Environmental, social, and genetic factors predisposing Xenopus laevis tadpoles to infection
Degree GrantorUniversity of Canterbury
Degree NameDoctor of Philosophy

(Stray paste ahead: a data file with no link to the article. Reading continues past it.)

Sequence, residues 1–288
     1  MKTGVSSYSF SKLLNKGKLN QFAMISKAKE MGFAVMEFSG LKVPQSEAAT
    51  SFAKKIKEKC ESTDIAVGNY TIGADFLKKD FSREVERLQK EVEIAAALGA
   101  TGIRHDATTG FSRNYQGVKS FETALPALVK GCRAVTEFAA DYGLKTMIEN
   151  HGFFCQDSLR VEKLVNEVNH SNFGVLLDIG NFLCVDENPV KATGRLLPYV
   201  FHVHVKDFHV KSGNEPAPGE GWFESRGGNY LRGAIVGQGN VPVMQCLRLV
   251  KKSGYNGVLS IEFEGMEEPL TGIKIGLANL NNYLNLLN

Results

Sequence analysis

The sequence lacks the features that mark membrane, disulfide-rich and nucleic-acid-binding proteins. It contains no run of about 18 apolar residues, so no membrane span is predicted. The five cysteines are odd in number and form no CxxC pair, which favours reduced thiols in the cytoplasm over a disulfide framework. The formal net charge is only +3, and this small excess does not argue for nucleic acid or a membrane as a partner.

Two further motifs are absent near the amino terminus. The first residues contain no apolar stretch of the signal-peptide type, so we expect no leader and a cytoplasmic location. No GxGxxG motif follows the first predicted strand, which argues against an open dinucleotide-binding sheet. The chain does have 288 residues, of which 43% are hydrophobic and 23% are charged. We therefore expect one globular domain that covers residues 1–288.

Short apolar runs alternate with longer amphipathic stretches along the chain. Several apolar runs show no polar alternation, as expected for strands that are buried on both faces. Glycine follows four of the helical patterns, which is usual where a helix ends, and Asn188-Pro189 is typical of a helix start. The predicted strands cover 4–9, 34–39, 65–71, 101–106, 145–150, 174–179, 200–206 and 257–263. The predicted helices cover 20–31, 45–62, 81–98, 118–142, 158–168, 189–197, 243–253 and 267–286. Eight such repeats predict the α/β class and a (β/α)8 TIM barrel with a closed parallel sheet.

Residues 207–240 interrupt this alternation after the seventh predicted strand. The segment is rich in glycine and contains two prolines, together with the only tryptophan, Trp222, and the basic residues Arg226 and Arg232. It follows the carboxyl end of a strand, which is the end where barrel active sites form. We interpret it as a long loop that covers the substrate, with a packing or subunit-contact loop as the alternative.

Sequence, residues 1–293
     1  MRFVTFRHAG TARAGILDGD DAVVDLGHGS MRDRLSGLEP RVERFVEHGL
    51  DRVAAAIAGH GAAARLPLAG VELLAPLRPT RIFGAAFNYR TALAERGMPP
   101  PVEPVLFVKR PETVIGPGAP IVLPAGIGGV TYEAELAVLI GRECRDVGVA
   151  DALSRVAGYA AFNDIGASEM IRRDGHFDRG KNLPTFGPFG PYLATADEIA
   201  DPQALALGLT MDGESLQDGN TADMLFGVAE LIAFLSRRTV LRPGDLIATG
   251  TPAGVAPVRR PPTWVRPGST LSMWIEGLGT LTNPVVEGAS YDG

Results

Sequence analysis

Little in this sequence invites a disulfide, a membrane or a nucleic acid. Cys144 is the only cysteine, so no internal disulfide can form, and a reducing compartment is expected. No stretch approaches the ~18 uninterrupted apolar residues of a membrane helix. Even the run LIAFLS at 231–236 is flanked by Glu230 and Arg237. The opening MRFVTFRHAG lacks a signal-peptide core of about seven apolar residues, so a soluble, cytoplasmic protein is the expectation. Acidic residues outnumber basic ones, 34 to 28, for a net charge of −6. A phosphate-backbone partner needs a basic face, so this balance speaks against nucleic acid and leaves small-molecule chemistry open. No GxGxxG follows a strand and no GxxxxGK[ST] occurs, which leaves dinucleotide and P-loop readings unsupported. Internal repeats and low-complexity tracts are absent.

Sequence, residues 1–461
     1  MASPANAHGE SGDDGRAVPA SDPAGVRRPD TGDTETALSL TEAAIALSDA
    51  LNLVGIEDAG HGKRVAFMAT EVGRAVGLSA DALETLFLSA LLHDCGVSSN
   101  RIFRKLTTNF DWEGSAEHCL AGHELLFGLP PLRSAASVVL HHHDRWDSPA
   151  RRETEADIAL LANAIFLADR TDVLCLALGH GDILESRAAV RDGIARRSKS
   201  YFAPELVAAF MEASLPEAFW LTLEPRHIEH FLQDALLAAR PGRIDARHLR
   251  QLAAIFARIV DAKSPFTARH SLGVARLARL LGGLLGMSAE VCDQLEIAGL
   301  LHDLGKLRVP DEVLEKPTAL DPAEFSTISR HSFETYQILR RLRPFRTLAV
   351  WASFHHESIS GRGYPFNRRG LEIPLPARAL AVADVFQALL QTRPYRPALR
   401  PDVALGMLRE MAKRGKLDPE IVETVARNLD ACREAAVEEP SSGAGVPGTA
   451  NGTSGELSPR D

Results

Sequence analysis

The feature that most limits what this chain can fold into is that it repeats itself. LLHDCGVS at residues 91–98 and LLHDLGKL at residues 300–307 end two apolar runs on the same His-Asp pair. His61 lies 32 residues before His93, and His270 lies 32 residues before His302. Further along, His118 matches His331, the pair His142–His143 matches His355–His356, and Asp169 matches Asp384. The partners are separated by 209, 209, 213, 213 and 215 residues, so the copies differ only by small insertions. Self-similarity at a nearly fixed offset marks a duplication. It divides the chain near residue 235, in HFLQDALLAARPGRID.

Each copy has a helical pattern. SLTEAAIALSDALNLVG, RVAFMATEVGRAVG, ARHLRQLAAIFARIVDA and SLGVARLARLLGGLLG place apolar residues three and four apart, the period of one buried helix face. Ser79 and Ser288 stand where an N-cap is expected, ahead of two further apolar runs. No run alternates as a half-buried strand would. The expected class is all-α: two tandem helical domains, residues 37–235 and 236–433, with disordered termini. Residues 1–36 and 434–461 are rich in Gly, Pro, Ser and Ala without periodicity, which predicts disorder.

This work examines the ecological, social and genetic factors that predispose amphibians to infection. In the last 30 years many amphibian populations have declined due to infectious disease, although few researchers have studied the factors involved in mediating amphibian infection. My research is designed to explore some of these factors. I first examined the effects of crowding, kin composition (the relatedness of individuals in a group), and habitat complexity on the growth and survival of Xenopus laevis tadpoles exposed to the bacterial pathogen Aeromonas hydrophila. In tadpoles, stress, and in particular corticosterone, a hormone associated with stress, is known to inhibit growth. Crowding, kin composition, and habitat complexity have all been linked to tadpole growth. As corticosterone exposure is also linked to reduced immune function, I examined how these ecological factors influence tadpoles' disease resistance. Tadpoles exposed to the bacterium were significantly smaller and more likely to die than control tadpoles. Tadpoles reared only with siblings (pure sibship groups) were larger, less variable in size, and had lower mortality rates than tadpoles reared in mixed sibship groups. The size difference between pure and mixed sibship groups was greatest when they were exposed to the pathogen. Habitat complexity reduced size variation within tanks but did not affect mean tadpole size. Mixed kinship composition and high tadpole density can increase competition, reduce growth, and increase disease susceptibility. These results indicate that growth was inhibited by pathogen exposure but kin association may ameliorate this effect. The Major Histocompatibility Complex (MHC) is an integral part of the vertebrate adaptive immune system. To determine the importance of the MHC in conferring disease resistance in amphibians, I challenged X. laevis tadpoles, bearing different combinations of four MHC haplotypes (f, g, j, and r), with A. hydrophila in two experiments. Exposure to A. hydrophila affected the growth and survival of these tadpoles and that the MHC moderated these effects. Tadpoles with two MHC haplotypes (r and g) were susceptible to this pathogen and tadpoles with the other two haplotypes (f and j) were resistant. Heterozygous tadpoles with both susceptible and resistant haplotypes were always intermediate to either homozygotes in size and survival. These results demonstrate that MHC genotype plays a major role in determining the impact of bacterial pathogens on the growth and survival of X. laevis tadpoles. To test whether the effect of exposure to pathogens differs according to the similarity of the hosts I challenged tadpoles with natural levels of the microorganisms associated with different MHC genotypes by exposing the tadpoles to water preconditioned by adults of different MHC genotypes. If the pathogens are adapted to the MHC genotype of their hosts, tadpoles exposed to water from adults with which they shared MHC haplotypes would be more susceptible than those exposed to water from MHC-dissimilar adults. Alternatively, if the hosts are adapted to their pathogens tadpoles may be more resistant to pathogens from MHC-similar frogs than those from MHC-dissimilar frogs. I found that tadpoles exposed to water from MHC-dissimilar animals developed faster, but without increased growth, and were more likely to die than those exposed to water from MHC-similar animals. Furthermore, there was an optimal difference between the tadpoles’ and the donors’ MHC where tadpoles were sufficiently different to the donor to defend against its locally adapted pathogens, and sufficiently similar to not be exposed to especially virulent foreign pathogens. Finally, I present an inventory of bacteria found in the gut and skin (nonsystemic sites) and heart, muscle, and abdominal cavity (systemic sites) of captive frogs. I found several species of bacteria previously identified as amphibian pathogens and many bacteria in systemic sites that have not been considered pathogenic to amphibians. None of the frogs tested positive for the amphibian chytrid fungus, Batrachochytrium dendrobatidis. I discuss the potential importance of these species of bacteria as amphibian pathogens and as protective probiotics, using New Zealand frogs as a case study. In its sum, this work describes some of the factors that can affect amphibians’ ability to resist disease. I show that the genetic constitution of an individual, specifically in terms of the MHC, affects the impact of a disease, and so too does its social and ecological conditions, including the level of crowding, the kinship of its groupmates and the specific microbial challenges of its immediate environment. I also show that many of the factors linked to tadpole growth and development that are well described in other amphibians also affect Xenopus tadpoles.